Strength in Silence

My whole life people have told me I would make a great teacher. “You really know how to engage people,” they would say. “You use your whole body to tell a story!” I guess that’s just the aspiring actress in me. (Hey, it could still happen.)

Insisting that I’d rather be a student than a teacher, I have always laughed off these claims. And yet, here I am – seven months into my new career of teaching English as a foreign language to children in China. I’m definitely still a beginner, and I’m far from perfect, but I feel like I’ve come a long way in my ability to lead a classroom.

A few weeks ago, however, my Saturday class really challenged me. In a moment of chaos, when even my translator couldn’t get the students to quiet down, I impulsively decided to jump in the air and smack my boots back on the ground, thinking the noise might bring my kids back to attention.


But it didn’t work. All that my efforts earned was a bewildered look from my translator, who then told me to calm down. “I wasn’t angry,” I later explained. “I was just trying to get them to listen.”


Later that night, I couldn’t stop thinking about my foolhardiness. I felt ashamed. In the midst of disorder, I thought I could get my students to listen by being louder than they were. Even if these kids don’t understand a word I say, they can surely understand my manner.  And what sort of manner did I display that day in class? Certainly not one of quiet composure and grace. Certainly not one that Jesus would have shown to his little lambs.


When confronted with the loud confusion of unbelievers, Jesus did not slam his feet onto the ground in impatience and desperation.


When faced with the temper of the armed mob come to arrest him, Jesus did not need to be louder than his captors in order for his voice to be heard.


When the angry crowd shouted “Cruc¡fy him!” and the governor’s soldiers tortured and ridiculed him, Jesus did not fight back.


Instead, Jesus was quiet.


Under public scorn and temptation, Jesus maintained a manner of quiet dignity, graceful understanding, and perfect love. Even in the face of certain death, Jesus endured with humble majesty. He did not give his enemies the satisfaction of a cheap, impulsive reply. In fact, his calm was often a more effective and more powerful response than any words could have been. He was quiet not only because the taunts thrown at him were unworthy of an answer, but also because he knew he would have to suffer and die in order to fulfill the Old Testament prophecies and God’s promises to his people.


He was oppressed and afflicted, yet he did not open his mouth; he was led like a lamb to the slaughter, and as a sheep before her shearers is silent, so he did not open his mouth.
— Isaiah 53:7


When Jesus did speak, it was not to defend himself or to hush his scoffers. After being falsely accused and forced under oath to identify himself, Jesus without hesitation broke his silence and boldly confirmed that he is the Chπ¡st. He did not speak for the sake of being heard; he spoke so that we may know the truth. He spoke to set in motion his own condemnation – because he loves us.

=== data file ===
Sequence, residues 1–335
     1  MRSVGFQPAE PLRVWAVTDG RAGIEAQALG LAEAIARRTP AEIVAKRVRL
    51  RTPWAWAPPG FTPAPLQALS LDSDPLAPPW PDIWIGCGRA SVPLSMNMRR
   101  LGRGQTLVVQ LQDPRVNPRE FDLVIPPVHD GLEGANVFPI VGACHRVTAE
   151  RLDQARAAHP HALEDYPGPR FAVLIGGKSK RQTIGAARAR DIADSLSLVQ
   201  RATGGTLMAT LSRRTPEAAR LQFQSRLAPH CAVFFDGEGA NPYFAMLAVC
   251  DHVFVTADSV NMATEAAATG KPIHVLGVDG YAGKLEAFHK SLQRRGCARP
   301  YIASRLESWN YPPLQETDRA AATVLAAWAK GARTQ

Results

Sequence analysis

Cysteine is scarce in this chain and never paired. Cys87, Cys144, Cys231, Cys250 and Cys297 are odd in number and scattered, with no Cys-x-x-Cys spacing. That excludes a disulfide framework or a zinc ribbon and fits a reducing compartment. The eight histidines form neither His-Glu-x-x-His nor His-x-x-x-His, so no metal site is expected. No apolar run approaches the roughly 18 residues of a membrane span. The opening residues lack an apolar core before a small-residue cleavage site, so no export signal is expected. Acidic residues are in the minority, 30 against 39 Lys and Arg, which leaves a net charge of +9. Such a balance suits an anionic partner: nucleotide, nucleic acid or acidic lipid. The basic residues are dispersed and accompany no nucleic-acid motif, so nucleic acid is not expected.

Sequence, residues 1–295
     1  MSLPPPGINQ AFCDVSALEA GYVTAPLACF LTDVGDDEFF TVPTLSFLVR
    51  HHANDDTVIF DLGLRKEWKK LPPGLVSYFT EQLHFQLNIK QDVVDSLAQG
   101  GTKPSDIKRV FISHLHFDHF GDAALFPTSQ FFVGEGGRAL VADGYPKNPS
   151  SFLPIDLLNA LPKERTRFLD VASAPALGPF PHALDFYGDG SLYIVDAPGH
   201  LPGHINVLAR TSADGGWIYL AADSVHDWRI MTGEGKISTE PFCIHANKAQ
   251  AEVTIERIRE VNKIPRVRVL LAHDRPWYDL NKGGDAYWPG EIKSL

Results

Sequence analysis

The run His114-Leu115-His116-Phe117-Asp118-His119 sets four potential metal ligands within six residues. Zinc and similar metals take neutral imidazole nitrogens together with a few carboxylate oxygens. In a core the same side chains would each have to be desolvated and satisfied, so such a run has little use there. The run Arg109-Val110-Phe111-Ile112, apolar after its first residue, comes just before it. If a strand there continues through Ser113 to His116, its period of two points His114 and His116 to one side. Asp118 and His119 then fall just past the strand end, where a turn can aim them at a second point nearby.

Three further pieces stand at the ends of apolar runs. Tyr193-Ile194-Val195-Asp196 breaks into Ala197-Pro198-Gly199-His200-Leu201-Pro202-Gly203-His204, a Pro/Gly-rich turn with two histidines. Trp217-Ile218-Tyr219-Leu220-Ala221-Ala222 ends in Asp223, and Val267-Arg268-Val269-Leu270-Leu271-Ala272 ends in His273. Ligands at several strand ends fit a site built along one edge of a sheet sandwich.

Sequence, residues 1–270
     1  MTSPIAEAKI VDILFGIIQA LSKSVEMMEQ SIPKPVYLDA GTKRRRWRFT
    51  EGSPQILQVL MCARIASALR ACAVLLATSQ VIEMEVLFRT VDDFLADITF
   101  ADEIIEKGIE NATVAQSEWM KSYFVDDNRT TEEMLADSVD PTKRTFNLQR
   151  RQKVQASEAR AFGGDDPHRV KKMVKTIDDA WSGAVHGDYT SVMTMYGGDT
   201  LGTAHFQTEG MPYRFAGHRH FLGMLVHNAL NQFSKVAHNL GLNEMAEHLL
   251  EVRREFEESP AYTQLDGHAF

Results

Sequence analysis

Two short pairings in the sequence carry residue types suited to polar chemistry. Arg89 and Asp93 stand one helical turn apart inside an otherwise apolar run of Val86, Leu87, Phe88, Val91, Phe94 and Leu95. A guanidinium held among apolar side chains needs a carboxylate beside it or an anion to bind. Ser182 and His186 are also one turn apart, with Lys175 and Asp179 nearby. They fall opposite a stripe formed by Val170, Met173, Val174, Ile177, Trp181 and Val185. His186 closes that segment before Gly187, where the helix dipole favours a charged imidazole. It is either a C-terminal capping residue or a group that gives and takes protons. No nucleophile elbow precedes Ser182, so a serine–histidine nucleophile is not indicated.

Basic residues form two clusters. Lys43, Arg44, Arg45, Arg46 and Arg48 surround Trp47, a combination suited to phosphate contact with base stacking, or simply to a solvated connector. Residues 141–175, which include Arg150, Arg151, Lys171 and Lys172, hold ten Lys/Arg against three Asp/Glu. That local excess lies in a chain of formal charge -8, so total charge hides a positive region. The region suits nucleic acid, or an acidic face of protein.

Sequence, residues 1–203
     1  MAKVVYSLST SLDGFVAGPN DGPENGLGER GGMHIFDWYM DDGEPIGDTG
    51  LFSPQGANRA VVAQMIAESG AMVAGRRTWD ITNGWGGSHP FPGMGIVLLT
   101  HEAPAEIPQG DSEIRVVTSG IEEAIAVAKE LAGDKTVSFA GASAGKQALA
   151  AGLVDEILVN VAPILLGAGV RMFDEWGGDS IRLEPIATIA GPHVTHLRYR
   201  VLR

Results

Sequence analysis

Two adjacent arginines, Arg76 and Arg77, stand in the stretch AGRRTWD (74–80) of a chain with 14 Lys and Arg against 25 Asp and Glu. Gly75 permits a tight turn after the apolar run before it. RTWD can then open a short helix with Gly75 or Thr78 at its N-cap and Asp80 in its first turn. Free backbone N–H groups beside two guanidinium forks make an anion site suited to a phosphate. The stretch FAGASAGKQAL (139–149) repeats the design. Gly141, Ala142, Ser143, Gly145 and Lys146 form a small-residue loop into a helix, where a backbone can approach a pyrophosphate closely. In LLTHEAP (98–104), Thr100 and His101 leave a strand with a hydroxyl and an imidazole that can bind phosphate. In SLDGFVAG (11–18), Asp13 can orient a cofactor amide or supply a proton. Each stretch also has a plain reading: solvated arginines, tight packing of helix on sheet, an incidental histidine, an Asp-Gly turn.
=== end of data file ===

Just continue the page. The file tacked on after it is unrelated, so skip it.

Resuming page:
Then the high priest stood up and said to Jesus, “Are you not going to answer? What is this testimony that these men are bringing against you?” But Jesus remained silent.

The high priest said to him, “I charge you under oath by the living God: Tell us if you are the Christ, the Son of God.”

“Yes, it is as you say,” Jesus replied. “But I say to all of you: in the future you will see the Son of Man sitting at the right hand of the Mighty One and coming on the clouds of heaven.”

Then the high priest tore his clothes and said, “He has spoken blasphemy! Why do we need any more witnesses? Look, now you have heard the blasphemy. What do you think?”

“He is worthy of death,” they answered. Matthew 26:62-66


Jesus provides the greatest example of what it means conquer the noise of doubt and evil because he did so with selfless love, humility, and grace. He took on the s¡ns of the world and ultimately accepted his own death sentence because “the Son of Man did not come to be served, but to serve, and to give his life as a ransom for many” Matthew 20:28. Even at his weakest moments, he did not return any slander or give in to anger and temptation. Rather, he continued to pray to his Father, often on the behalf of those who hated him.


When God’s children were noisy and unruly, Jesus did not need to shout in order to be heard. To this day, his death on the cross and his glorious resurrection resound more thunderously and magnificently than any spoken word, whether bellowed or whispered.


The way I see it, with a little training and experience, almost anybody can be a teacher. But it takes real patience, humility, and love to be a great teacher. I have a lot to learn before I even come close to reaching that point. Luckily, I can trust in Jesus’ perfect example of quiet strength to guide me. I’ve always been a better student, anyway.


Be still, and know that I am God.
— Psalm 46:10